Saturday, January 9, 2010

Calcium Oxalate Stones - Canine Dietary Management

Calcium Oxalate calculi (stones) develop because the urine is saturated with calcium and oxalate. Oxalate is formed from carbohydrate-like chemicals found in many commercial dog foods.

Inhibitors of oxalate calculi formation include phosphorus, magnesium and citrate. The stones form more readily in acid urine - however the crystals do not form in acid urine when magnesium is normal or increased.

The conclusion is dietary magnesium is important for preventing calcium oxalate calculi.

The following diet contains low oxalate,
 and minimum calcium. They also contain normal phosphorus which prevents absorption of excess calcium. A calcium oxalate diet should contain minimum vitamin D  to minimize calcium absorption. Avoid high doses of Vitamin C.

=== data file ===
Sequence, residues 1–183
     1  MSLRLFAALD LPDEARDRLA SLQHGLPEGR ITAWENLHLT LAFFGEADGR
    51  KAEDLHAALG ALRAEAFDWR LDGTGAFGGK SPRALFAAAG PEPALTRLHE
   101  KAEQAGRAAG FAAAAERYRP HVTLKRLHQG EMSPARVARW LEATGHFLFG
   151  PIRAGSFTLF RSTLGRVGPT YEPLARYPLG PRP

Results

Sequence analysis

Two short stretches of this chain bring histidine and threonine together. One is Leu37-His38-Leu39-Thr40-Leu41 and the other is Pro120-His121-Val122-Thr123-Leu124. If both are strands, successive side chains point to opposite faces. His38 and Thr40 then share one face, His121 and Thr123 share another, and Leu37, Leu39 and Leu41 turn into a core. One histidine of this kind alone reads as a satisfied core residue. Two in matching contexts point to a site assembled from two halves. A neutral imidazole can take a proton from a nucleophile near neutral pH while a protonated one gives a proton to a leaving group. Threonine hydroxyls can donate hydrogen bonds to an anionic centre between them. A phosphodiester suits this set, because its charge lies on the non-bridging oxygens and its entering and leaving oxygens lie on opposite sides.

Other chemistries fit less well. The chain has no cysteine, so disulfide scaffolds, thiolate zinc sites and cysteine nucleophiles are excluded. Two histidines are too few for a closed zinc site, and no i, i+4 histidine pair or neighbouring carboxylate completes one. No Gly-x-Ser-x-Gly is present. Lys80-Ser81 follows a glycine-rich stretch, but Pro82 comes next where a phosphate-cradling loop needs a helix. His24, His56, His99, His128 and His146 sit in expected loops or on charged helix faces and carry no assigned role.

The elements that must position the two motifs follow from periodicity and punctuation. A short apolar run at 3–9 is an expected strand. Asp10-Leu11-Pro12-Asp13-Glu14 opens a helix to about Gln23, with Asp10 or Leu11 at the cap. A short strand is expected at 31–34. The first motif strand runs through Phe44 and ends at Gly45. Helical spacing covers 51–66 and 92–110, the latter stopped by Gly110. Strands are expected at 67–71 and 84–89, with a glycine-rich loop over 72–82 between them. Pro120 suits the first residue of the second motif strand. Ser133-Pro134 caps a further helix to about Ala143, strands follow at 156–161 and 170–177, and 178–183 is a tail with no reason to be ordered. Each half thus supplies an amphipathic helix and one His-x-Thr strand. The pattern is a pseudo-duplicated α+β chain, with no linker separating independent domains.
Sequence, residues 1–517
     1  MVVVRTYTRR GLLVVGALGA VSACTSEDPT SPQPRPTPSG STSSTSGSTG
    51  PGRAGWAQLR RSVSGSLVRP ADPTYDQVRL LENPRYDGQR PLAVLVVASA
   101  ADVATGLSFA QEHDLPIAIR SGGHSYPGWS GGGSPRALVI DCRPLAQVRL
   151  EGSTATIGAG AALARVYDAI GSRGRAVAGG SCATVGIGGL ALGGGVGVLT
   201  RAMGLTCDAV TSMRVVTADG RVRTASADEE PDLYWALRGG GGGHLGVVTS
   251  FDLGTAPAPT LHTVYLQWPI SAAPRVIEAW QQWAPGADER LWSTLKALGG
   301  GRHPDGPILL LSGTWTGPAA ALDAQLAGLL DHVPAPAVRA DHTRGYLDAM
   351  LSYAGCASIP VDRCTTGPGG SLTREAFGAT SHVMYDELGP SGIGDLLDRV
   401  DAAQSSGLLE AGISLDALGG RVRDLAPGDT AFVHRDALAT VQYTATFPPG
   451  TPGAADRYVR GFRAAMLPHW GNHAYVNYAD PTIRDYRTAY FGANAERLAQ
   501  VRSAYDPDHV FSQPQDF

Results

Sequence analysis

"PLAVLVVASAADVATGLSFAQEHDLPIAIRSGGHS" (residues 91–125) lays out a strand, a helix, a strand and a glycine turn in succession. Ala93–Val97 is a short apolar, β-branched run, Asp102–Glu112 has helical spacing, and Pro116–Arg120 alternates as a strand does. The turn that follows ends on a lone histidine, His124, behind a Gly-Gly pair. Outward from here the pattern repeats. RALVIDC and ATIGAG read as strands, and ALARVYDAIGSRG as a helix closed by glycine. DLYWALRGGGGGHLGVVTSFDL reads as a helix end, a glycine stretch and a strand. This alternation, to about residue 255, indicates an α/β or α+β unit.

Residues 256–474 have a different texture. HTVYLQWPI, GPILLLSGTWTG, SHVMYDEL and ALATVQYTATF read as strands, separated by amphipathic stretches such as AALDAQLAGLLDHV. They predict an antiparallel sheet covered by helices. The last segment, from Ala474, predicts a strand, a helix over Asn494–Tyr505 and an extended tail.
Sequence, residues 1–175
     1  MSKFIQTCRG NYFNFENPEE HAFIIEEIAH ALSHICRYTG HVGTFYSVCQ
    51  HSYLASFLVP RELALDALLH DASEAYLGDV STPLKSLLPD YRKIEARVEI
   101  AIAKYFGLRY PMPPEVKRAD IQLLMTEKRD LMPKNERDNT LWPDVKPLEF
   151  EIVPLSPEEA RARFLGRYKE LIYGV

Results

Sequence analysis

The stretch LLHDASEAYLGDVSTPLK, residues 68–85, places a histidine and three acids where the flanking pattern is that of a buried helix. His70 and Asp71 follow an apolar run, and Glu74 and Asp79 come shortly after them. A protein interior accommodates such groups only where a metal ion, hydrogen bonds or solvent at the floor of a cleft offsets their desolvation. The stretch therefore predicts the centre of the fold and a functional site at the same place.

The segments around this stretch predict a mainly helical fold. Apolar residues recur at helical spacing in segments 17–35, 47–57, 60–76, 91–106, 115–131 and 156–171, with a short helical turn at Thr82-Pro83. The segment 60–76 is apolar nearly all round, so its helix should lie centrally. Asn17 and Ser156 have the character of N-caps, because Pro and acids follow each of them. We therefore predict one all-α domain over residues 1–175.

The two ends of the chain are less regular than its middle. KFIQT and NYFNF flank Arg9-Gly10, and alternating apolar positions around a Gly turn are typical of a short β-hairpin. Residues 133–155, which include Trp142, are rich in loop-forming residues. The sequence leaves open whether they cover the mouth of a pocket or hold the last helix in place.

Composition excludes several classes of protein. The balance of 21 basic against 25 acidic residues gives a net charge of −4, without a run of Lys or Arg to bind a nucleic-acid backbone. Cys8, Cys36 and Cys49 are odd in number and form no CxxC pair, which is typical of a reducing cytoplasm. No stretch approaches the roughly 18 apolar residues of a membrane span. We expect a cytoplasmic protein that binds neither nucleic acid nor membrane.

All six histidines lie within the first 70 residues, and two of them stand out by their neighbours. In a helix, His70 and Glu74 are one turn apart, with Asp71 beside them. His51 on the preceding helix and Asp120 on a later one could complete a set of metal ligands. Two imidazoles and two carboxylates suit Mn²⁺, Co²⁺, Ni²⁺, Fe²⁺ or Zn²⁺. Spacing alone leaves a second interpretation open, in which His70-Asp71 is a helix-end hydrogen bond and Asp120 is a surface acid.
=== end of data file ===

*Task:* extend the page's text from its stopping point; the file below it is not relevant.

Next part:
Adult Dogs with Oxalate Stones

Black-Eyed Peas and Rice Diet

2/3 cup black-eyed peas (cooked) look for canned beans in a health food store

2 cups cooked brown rice
1 teaspoon Flax Oil
2 teaspoons Olive Oil
1/2 teaspoon Bone Meal
1/4 teaspoon salt substitute (potassium chloride)
1/2 teaspoon Green Power
1 Treatamin (low potency multivitamin)
pinch of table salt (sodium chloride)

This diet is for a 21-22 pound dog (696 cal, 19.3 grams protein, 17.8 grams fat) Calcium at 55%, phosphorus at 102%, sodium at 33% and vitamin D at 63%.

Brown Rice - you may substitute 1 1/2 cup Potato, cooked with skins (cut into cubes)
Black-eyed peas - you may substitute pinto beans or 5 oz cooked Salmon, Halibut or Scallops
Note - health food stores or Co-ops have a wide variety of canned beans - look for NO SALT.